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Year : 2019  |  Volume : 6  |  Issue : 2  |  Page : 99-103

Early cleft lip and palate repair: Experience of the National Orthopedic Hospital Enugu, Southeast Nigeria

Department of Burns and Plastic, National Orthopaedic Hospital, Enugu, Nigeria

Correspondence Address:
Dr. Chuwuemeka Patrick Okoye
Department of Burns and Plastic, National Orthopaedic Hospital, PMB 01294, Enugu
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Source of Support: None, Conflict of Interest: None

DOI: 10.4103/jclpca.jclpca_26_18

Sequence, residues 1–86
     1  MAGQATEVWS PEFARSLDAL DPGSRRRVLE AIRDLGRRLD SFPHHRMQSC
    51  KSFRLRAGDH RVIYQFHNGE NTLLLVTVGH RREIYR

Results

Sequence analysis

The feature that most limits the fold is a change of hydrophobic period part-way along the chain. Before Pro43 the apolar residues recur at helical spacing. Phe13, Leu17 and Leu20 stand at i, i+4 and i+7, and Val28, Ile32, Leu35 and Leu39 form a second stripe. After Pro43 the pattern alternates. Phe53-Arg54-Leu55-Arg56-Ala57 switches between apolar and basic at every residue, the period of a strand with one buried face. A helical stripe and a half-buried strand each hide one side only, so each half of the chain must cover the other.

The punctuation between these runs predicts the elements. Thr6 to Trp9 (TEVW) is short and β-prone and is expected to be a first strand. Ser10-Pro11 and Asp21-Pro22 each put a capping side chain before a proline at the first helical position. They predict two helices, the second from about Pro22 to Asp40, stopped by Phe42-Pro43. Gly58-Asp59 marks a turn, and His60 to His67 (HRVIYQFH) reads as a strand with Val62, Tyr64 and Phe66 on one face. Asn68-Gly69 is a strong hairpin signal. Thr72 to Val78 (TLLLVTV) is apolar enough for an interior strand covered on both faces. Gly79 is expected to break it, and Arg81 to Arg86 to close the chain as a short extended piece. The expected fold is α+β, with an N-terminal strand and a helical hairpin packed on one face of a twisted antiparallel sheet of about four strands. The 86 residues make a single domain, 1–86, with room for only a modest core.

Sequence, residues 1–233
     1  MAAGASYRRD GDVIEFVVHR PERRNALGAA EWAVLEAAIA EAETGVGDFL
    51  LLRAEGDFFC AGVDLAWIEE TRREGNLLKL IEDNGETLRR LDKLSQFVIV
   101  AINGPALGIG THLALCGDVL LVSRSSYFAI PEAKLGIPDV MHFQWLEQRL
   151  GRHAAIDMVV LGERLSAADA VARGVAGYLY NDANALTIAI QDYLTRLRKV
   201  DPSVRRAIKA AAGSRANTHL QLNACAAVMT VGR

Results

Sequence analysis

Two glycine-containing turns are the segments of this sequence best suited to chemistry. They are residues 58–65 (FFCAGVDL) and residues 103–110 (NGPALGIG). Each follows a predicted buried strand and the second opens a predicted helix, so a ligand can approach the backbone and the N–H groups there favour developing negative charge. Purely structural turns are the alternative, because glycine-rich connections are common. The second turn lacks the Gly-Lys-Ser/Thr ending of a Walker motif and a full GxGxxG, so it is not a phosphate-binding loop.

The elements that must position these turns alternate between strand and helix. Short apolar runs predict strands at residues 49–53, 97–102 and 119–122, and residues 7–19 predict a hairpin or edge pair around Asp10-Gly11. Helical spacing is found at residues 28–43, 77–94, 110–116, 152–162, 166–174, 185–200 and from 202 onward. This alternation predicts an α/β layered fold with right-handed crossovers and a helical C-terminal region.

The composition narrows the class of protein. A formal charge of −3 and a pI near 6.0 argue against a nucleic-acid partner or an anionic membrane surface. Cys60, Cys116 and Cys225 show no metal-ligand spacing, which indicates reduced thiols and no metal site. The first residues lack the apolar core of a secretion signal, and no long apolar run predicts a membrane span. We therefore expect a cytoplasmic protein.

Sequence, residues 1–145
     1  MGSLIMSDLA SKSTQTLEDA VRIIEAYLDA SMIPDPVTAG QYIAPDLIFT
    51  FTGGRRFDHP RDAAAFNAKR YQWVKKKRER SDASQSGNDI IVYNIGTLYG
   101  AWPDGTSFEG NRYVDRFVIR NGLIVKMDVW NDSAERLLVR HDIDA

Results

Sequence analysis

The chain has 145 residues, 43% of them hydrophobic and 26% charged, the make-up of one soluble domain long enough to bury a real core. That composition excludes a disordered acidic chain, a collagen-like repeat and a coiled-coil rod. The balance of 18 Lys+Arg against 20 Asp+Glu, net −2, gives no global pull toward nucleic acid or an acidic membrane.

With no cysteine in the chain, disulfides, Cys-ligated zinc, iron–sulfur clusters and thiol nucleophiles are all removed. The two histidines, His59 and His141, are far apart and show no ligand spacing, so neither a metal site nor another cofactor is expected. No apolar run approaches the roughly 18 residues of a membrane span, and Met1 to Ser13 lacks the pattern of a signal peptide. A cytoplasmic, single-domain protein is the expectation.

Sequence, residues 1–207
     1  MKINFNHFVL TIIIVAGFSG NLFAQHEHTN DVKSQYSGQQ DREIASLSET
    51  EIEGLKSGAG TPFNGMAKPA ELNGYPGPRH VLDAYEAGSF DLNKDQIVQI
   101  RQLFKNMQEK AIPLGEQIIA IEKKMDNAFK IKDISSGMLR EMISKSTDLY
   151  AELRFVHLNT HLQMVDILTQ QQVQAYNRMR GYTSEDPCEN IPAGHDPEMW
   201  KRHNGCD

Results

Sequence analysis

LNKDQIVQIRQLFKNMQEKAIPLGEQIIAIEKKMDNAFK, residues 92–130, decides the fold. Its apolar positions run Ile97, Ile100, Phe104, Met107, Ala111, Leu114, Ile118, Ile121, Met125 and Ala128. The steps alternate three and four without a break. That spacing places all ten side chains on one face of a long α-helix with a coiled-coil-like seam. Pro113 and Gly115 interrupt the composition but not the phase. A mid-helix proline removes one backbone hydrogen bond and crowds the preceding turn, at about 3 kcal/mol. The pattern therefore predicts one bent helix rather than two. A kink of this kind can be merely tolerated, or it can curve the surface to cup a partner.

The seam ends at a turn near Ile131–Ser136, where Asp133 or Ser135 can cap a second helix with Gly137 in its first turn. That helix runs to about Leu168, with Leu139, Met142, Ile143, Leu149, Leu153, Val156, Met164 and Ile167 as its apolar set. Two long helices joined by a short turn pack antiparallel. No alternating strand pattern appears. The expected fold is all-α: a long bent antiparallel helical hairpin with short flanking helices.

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Background: Surgical treatment of clefts during infancy poses a challenge for the plastic surgeon and anesthetists. The timing of the procedures has been fraught with controversies with no consensus. Due to the many different treatment philosophies, the timing of treatment varies among cleft centers. Historically, anesthetic risk-related data suggest that the safe time period for surgery in this population of infants could be outlined by the rule of 10's. However, more sophisticated pediatric techniques and advances in intraoperative monitoring and pediatric anesthesia have resulted in the provision of safe general anesthesia for younger infants. This article attempts to provide an audit of the outcome and complications of cleft lip/palate repair performed earlier than the hitherto defined period. Aims/Objectives: The aims of the study were to evaluate the perioperative safety profile of early cleft lip and palate repairs and to evaluate early postoperative surgical complications. Materials and Methods: A retrospective audit of all patients that had early cleft lip and palate repair at the National Orthopedic Hospital Enugu, Nigeria, between May 2006 and May 2014. Early cleft lip and palate repairs were defined as repair done before 10 weeks and 9 months, respectively. Information was obtained from the folders of the patients and the smile train express database. The anesthetic technique was general anesthesia with endotracheal intubation and halothane as the inhalational agent. Armored tubes were used for palatal repairs. The Mohler's technique and Mulliken's technique were used for unilateral and bilateral lip repair, respectively. Intravelar veloplasty ± relaxing incisions/Bardach two-flap palatoplasty were used for palate repairs. All the procedures were carried out by one consultant plastic surgeon. Results: Four hundred and ninety-three cleft-related surgeries were performed in the period. Forty-one were early cleft lip/palate repairs. Thirty-one of these early procedures were done on the lip, whereas ten procedures were on the palate. There were no mortalities. One patient (2.4%) developed anesthetic complication (prolonged recovery time). There was neither need for intra- nor postoperative transfusion. One patient had a need for supplemental oxygen therapy beyond 1 h. There was no need to take any patient back to theater. The most common early complications following lip and palate repairs were wound dehiscence and palatal fistulae, respectively. Conclusion/Recommendation: These procedures can be safely carried out when performed early. The surgical complication rates appear to be few following early procedures. Further study on long-term cleft repair on facial growth and speech needed.

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